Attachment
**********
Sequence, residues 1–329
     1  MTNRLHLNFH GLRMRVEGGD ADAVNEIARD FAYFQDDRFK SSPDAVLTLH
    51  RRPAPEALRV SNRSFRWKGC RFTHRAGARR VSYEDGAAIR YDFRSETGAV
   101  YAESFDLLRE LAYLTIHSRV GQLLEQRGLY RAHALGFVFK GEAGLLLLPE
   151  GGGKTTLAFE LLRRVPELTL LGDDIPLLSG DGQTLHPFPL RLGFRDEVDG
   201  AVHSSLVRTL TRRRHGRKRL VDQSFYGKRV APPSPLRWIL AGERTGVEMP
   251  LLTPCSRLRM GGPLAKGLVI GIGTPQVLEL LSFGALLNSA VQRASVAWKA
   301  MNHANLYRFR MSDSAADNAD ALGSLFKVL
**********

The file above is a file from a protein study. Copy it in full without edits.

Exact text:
Sequence, residues 1–329
     1  MTNRLHLNFH GLRMRVEGGD ADAVNEIARD FAYFQDDRFK SSPDAVLTLH
    51  RRPAPEALRV SNRSFRWKGC RFTHRAGARR VSYEDGAAIR YDFRSETGAV
   101  YAESFDLLRE LAYLTIHSRV GQLLEQRGLY RAHALGFVFK GEAGLLLLPE
   151  GGGKTTLAFE LLRRVPELTL LGDDIPLLSG DGQTLHPFPL RLGFRDEVDG
   201  AVHSSLVRTL TRRRHGRKRL VDQSFYGKRV APPSPLRWIL AGERTGVEMP
   251  LLTPCSRLRM GGPLAKGLVI GIGTPQVLEL LSFGALLNSA VQRASVAWKA
   301  MNHANLYRFR MSDSAADNAD ALGSLFKVL